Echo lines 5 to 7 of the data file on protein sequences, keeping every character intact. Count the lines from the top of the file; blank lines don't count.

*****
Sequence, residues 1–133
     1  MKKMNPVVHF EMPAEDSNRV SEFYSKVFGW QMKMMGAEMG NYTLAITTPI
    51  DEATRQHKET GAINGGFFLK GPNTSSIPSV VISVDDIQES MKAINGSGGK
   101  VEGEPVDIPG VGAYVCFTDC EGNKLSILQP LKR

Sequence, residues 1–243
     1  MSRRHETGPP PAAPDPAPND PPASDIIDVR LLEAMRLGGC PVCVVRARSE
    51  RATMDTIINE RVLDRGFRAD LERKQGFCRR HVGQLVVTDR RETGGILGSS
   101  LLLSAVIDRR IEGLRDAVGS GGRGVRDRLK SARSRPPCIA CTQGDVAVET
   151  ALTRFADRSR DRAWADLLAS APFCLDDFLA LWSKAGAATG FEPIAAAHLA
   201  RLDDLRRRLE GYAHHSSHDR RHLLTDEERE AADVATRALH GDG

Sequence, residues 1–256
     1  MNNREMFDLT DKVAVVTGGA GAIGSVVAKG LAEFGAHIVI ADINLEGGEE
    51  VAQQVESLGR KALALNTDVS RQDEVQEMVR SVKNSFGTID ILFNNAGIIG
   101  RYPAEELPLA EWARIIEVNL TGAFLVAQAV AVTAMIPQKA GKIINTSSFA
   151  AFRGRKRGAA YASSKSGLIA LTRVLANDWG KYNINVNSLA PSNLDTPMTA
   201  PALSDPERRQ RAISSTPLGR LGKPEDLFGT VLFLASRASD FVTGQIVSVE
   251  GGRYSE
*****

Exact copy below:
Sequence, residues 1–243
     1  MSRRHETGPP PAAPDPAPND PPASDIIDVR LLEAMRLGGC PVCVVRARSE
    51  RATMDTIINE RVLDRGFRAD LERKQGFCRR HVGQLVVTDR RETGGILGSS